Using Preschool as a Model

Pre-K classes are artfully arranged to facilitate learning through activity spaces and movement. Others would benefit from this too.

Photo of Farihah
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As a current preschool teacher who previously taught second grade, there are significant differences between how I've set up my classroom this year versus in past years. One major difference: my second grade class was mostly filled with desks because I assumed my students would be sitting for most of the day, whereas my preschool classroom has a variety of spaces to accommodate sitting, standing, rolling, jumping, and more. In my classroom and in most preschool classrooms, there are designated spaces for building, resting, exploring, and even for resolving conflicts (aptly named the "Mediation Station"). When my students enter their room, they are excited about learning because there are spaces to accommodate each child's preferred learning style, and the variety of spaces invigorates their minds without being overwhelming.

This concept of creating designated activity spaces within a classroom is not foreign to K-12 classes; elementary teachers create spaces for activities such as Reader's Workshop to enable small groups of students to have sufficient teacher guidance while reading. Reader's Workshops are incredibly useful, and their effectiveness is a direct result of the way the activity is physically  oriented within the classroom space: a semi-circular table with 3-6 chairs is arranged facing the instructor who sits on the inside of the semi-circle, and this arrangement is usually in a quiet part of the classroom to encourage focused attention. We can create more spaces like these in all classrooms.

Designated activity spaces would be particularly effective for elementary students who learn multiple subjects in a single classroom. For example, a circular rug on the floor of a class designated for small group discussions would facilitate in-depth dialogue between students regarding an assigned book or current events. An area showcasing models of skeletons with magnifying glasses would allow tactile learners to have a hands-on grasp of anatomy to supplement the teacher's or text's instruction. Fidget toys might be available for students to use while listening to lessons to help them stay focused. Natural materials may be present for students to feel a sense of calm or to use to solve creative engineering problems. Decor and student artwork might be hung on the walls and changed intermittently to reflect the current study. A quiet corner might be prepared for students who need time and space to unwind. Allowing students to move, stand, touch, and change scenery would remarkably increase their energy in the classroom and would increase their interest in learning. If our classrooms were primarily arranged based on the target learning activities that would take place in them, like most preschool classrooms are, those engaging activities would occur more frequently and would reach more students with multiple intelligences.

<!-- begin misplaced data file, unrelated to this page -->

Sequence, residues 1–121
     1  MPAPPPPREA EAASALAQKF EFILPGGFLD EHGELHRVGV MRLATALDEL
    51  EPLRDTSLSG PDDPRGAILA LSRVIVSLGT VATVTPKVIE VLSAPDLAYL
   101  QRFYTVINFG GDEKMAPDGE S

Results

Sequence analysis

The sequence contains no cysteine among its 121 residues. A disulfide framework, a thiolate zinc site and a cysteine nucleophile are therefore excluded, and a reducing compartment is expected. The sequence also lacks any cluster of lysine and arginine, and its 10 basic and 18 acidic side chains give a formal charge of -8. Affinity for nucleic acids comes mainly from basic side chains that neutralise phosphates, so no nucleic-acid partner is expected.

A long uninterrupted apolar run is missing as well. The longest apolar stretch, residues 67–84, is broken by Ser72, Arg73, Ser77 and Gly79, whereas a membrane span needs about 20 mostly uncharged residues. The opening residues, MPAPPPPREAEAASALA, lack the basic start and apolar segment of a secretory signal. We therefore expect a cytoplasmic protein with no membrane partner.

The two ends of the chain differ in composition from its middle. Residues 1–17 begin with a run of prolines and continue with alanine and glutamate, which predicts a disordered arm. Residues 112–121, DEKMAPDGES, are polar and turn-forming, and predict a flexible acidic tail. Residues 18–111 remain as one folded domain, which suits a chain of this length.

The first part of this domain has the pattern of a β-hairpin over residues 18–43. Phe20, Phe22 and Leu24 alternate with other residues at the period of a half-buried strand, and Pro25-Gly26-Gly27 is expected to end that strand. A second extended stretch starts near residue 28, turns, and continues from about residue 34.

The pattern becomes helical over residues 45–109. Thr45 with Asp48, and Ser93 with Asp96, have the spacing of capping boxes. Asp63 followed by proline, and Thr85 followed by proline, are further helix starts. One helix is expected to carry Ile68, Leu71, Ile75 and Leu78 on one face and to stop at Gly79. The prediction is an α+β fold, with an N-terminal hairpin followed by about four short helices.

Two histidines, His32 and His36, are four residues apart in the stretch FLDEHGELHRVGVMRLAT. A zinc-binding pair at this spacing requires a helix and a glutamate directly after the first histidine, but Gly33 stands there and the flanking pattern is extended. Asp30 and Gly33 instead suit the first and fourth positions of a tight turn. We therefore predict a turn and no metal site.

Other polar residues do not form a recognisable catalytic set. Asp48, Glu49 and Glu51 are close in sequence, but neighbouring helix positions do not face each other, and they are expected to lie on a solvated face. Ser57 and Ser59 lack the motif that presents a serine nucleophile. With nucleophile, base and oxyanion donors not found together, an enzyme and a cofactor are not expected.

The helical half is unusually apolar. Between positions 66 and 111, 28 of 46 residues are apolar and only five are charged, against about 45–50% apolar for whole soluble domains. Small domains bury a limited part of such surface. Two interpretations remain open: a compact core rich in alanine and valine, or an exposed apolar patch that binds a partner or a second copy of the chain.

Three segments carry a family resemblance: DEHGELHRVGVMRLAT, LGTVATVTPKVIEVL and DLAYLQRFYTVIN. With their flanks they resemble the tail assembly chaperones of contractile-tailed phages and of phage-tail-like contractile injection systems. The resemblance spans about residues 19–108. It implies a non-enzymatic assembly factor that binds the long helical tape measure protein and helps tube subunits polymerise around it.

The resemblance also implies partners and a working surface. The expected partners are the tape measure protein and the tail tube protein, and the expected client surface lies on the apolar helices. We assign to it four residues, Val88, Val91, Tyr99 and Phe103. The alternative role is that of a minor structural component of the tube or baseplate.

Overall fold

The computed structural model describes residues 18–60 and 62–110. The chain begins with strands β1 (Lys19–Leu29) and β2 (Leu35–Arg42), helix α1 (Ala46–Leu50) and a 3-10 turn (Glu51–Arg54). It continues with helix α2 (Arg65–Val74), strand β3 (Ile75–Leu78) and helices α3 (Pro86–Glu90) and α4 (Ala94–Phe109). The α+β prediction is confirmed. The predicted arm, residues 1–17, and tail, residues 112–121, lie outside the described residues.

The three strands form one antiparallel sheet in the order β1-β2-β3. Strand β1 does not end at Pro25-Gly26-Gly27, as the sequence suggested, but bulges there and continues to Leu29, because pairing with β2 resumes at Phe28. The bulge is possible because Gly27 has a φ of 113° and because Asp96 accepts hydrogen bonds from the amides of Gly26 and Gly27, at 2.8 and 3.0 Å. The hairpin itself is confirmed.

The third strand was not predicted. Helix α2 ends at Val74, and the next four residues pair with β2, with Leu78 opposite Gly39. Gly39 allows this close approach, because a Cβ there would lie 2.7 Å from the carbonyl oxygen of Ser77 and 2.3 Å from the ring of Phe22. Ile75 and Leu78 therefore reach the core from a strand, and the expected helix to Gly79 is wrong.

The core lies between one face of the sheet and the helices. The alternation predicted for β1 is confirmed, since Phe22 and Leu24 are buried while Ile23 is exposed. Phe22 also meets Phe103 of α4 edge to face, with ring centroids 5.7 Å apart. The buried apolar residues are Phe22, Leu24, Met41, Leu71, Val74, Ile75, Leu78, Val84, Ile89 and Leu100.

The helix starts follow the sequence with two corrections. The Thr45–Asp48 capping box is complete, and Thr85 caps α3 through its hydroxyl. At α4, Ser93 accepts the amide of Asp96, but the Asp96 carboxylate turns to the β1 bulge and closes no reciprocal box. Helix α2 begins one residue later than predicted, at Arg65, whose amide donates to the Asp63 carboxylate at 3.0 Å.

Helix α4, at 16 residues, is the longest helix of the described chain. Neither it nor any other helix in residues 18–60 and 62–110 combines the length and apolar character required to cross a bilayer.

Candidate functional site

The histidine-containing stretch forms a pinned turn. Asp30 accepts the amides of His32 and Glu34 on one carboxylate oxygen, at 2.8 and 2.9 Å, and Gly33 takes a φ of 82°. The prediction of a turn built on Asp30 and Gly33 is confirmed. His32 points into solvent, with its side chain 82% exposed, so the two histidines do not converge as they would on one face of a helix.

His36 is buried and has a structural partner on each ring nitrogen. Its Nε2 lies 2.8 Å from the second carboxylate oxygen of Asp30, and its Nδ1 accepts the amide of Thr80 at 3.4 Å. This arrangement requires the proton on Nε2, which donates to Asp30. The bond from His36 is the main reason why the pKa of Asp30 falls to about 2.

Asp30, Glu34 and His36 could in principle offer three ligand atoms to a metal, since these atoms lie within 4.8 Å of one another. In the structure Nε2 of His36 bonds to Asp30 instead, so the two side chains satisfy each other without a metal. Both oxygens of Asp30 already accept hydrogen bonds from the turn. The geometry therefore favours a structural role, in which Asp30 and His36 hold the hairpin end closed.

The creation of effective designated activity spaces requires first that each teacher identify the engaging and rigorous activities that students would benefit from partaking in their classroom based on the subject matter taught and the needs of the students. The activities must cater to visual, auditory, and kinesthetic learners. Second, the classroom must be organized primarily with those activities in mind in order to ensure  their implementation. Third, the classroom schedule and rules must be tweaked to allow students to maximize use of the activity spaces in an equitable manner. Perhaps 15 minutes could be set aside each week for students to utilize the Discussion Corner, Library, or Building and Science Lab materials. Or alternatively, different tables inside a class could accommodate different types of seating, based on individual students' preferences. Financial and spatial restrictions will likely hinder teachers' grand plans for their classrooms, however, small, intentional, and creative changes in the class environment will likely have huge impacts on students' overall classroom experiences.

Neat rows of desks and chairs implicitly communicate to our students that learning is a passive activity; we can turn those tables around and fill our classrooms with creative furnishings and arrangements to inspire students to be more actively engaged in their own education. The fact that designated activity spaces are used for preschoolers does not make it too basic for older students; what is important is that it works for the youngest and so it will work for the inner child in every student, regardless of age.

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Photo of Nate
Team

Agreed, we have a Reggio inspired classroom and we have had the lead teacher of that program help others in our K-12 program redesign spaces to build a more creative and learner centered space.

Photo of Farihah
Team

That's so interesting. I'm curious to know what suggestions the lead teacher gave to other teachers to help them redesign their spaces?

Photo of Nate
Team

I think the main suggestions were to think about what the students would want, the overall aesthetic (is it a beautiful place to learn), and how to display student work. When I walk into our Reggio space, it strikes me as a place that values students as central to the learning process. We have now adapted this in our K-12 spaces.